Working to constraints
January 22 2010
I’ve been reading the 37signals SVN blog for a while now, but a recent talk by DHH really got me thinking. In it he speaks to a group of Stanford students and explains why they need to Unlearn their MBA. In this post I take some of the topics that he discusses and throw in my own opinion.
As a side note: It’s interesting to consider how many people’s professional lives have been shaped by the software framework that DHH released to the world. While many argue that 37signals needs to be more open about their business figures and research methods, it’s impossible to negate how they’ve created jobs (growing the industry?) without ever dilluting their revenue.
I recently graduated (June 2009) from University and luckily it hasn’t been very difficult to find work – either full-time or freelance. The tech industry seems to be one of the few that saw a boost during the recession. Whilst many were being laid off from work, those same companies sought expertise in building systems to automate and streamline as many tasks as possible. As a result, there are much more tech jobs than a few years ago and many of my friends who work in recruitment can attest to this. Gone (hopefully) are the days where candidates have to outright lie on their job applications and instead are chosen on their ability to create. Whether it be open-source projects, personal websites or even public repositories, there are a number of ways that a new computer science graduate can show their worth.
DHH takes this one step further and claims that it’s an opportune time for any new start-up (business) to gain traction. The reason given is that when the economy is steady, consumers are more likely to go with the tried and tested (read: expensive) option, but when they’re in a recession there’s a greater chance of trying out new products and services. With this in mind, should any graduate have difficulty finding a job, perhaps it’s time to start on that business idea they’ve had for some time? Rather than plan out how they’re going to run this new business, they should just do it.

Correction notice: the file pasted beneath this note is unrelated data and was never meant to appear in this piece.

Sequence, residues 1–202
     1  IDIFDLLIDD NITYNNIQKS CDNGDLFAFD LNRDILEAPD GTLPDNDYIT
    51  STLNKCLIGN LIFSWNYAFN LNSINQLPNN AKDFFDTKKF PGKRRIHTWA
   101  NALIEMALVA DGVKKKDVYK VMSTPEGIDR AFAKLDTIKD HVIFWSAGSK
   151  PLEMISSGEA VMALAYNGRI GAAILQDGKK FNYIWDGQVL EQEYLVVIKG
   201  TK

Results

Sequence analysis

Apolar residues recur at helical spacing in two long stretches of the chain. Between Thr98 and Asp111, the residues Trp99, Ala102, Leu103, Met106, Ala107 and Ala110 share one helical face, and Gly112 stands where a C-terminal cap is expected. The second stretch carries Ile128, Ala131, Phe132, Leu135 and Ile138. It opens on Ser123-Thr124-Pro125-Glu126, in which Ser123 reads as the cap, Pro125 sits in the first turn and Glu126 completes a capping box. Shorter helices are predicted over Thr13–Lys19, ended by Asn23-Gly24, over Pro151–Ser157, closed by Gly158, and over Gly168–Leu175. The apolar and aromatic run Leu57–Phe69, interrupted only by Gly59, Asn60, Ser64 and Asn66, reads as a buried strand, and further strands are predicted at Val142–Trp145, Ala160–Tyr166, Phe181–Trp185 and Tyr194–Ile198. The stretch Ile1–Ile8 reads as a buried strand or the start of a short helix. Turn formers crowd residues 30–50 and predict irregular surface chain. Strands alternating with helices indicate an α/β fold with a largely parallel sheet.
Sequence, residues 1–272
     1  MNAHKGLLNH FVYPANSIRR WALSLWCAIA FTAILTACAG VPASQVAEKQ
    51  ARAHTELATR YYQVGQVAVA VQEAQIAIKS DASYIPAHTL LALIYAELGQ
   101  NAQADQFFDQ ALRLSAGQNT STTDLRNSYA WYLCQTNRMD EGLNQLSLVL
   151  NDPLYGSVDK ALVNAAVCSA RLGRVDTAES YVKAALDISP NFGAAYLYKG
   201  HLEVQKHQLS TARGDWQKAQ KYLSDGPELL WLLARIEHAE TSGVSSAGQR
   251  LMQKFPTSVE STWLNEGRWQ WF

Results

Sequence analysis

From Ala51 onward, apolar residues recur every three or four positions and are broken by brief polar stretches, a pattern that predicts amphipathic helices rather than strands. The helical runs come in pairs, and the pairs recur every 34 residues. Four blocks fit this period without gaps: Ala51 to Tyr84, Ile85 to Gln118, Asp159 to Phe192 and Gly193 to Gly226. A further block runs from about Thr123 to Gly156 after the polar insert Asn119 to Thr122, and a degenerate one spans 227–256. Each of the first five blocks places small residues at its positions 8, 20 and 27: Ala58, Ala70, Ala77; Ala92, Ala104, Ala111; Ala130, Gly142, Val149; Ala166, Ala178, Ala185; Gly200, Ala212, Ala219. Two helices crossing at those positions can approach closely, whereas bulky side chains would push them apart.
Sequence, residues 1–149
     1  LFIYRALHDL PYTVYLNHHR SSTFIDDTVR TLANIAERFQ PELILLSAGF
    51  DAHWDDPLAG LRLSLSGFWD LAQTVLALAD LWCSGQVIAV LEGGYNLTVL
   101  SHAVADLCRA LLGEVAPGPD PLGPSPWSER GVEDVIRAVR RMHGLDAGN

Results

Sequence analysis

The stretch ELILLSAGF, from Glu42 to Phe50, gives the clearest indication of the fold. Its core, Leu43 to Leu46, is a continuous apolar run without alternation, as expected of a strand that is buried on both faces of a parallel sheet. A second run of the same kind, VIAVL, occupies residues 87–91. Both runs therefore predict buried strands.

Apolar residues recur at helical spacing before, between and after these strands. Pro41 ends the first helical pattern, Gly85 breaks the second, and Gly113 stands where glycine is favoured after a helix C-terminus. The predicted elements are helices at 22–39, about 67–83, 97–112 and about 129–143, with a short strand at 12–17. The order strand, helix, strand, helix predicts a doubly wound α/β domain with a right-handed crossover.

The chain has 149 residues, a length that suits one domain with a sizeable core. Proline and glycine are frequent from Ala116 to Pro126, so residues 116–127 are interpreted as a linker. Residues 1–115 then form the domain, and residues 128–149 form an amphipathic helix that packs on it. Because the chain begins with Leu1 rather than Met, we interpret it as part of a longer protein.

Planning out the next five years of a small business is clearly just harmful guessing. A significant change will happen when the business starts to get things done, not by planning for them. Spending time procrastinating and pretending to work is never going to help anyone and is going to be especially detrimental to any employees of the small business. Small business owners need to stop relying on fancy projections to save them from their bank managers. Instead an emphasis on completing tasks and helping employees needs to be made.
It’s very rare that a company is an overnight success and in a few cases, the business may have just been working it’s way up to release for some time. However, unlimited time and money never lead to great products. By limiting the amount of time you have to go live, it’s likely that you can strip out any extra noise from the product/service and produce early iterations that will be indicative to it’s core features and/or functionality. In short: great, simple products!
Personally, I’ve found limiting the amount of time I spend learning new languages has forced me to concentrate more in that short period of time and has accelerated my learning to no end. In addition to this, I recommend anyone learning a new programming language to combine their progress with the problems at Project Euler. I’ve found it interesting learning how different languages treat the same set of problems and am indebted to that community for their comprehensive break-downs of elegant solutions.